Like Jesus, churches in our age will need to extend the Jubilee spirit to cover human health. The church that seeks to truly serve its community will need to become a centre of divine health. It will believe in and for divine healing. People with sicknesses - even of the worst kind - will be welcomed.

This church will place great emphasis on prayer as the medium for miracles. Being an agent of divine healing will not be the sole prerogative of gifted 'expert practitioners', but the right of every Christian who will stand together with others in faith. Those with a special manifestation of this gift will equip the Body as a whole to minister healing in a humble but authoritative way.

We can expect a trend where more medical treatments are offered by health professionals outside the traditional doctor's surgery or hospital. Already in nations like Britain some treatments are offered in small clinics within railway stations and pharmacies, to relieve the pressure on hospitals. In line with this, many churches will run professionally staffed clinics.

The influential church of the next decade or so - I call it the church of 2020 - will also be involved in providing places of comfort, restoration and assistance for people who are undergoing medical treatment and need practical support. Churches will, often in alliance with other community groups, provide local hospices. These will develop positive links with state-run hospitals.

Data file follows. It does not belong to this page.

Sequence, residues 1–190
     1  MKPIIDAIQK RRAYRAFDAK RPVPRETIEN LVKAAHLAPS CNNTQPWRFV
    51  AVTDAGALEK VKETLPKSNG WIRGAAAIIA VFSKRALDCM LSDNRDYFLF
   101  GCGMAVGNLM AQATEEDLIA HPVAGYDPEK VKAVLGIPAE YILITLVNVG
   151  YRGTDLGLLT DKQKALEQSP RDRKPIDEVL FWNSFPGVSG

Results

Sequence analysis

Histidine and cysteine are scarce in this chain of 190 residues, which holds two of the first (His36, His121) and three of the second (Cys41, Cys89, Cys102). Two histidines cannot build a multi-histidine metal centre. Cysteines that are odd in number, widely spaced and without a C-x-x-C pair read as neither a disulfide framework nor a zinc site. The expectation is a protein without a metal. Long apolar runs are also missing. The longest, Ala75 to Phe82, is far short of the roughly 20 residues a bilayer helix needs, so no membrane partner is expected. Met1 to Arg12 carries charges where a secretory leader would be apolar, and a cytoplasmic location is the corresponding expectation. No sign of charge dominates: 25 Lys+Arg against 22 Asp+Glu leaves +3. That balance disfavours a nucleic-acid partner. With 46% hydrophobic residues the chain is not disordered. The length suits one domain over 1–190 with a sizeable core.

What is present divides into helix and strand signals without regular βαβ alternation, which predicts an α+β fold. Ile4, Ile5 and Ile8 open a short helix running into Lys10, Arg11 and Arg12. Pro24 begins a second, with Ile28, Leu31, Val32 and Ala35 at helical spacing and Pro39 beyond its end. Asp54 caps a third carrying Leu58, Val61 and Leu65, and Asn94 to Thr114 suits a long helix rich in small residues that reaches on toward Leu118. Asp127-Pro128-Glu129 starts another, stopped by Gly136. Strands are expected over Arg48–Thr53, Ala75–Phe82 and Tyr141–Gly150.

The church of 2020 will go one step further, bringing back to church life a belief in the power of natural restoratives. It will not become a dispensary for pseudo-scientific 'cures', but a place where there is emphasis on proper diet, exercise and other factors which promote ongoing health. This church will carry the spirit of John Wesley and other early evangelists who practiced and taught on the power of herbal remedies and healthy lifestyle choices.

As the Boomer generation grows old, this so-called 'youth generation' will refuse to lie down and die. Already, Boomers are spending more than any previous group on plastic surgery and other enhancement techniques including hormonal treatments and a plethora of nutritional supplements. There are 77 million Boomers in the US alone and they will continue to reach for the illusive nectar of everlasting youth. Health will be a huge issue for them.

The church of 2020 will offer Boomers health guidance, prayer for healing and new levels of support for the aged.

Along with the opportunity to invest their latter years in kingdom activity, leading to peace of mind.

In its giving and its care for the sick, the church of 2020 will pioneer a new expression of Jubilee.


For more on this, read 'The Church of 2020' by Mal Fletcher. Click here.

What’s your view?

Are you worried about the spread of viral diseases?

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Keywords: H5N1 | bird flu | viral plague | AIDS | Spanish flu | flu | turkeys | Mal Fletcher | Jubilee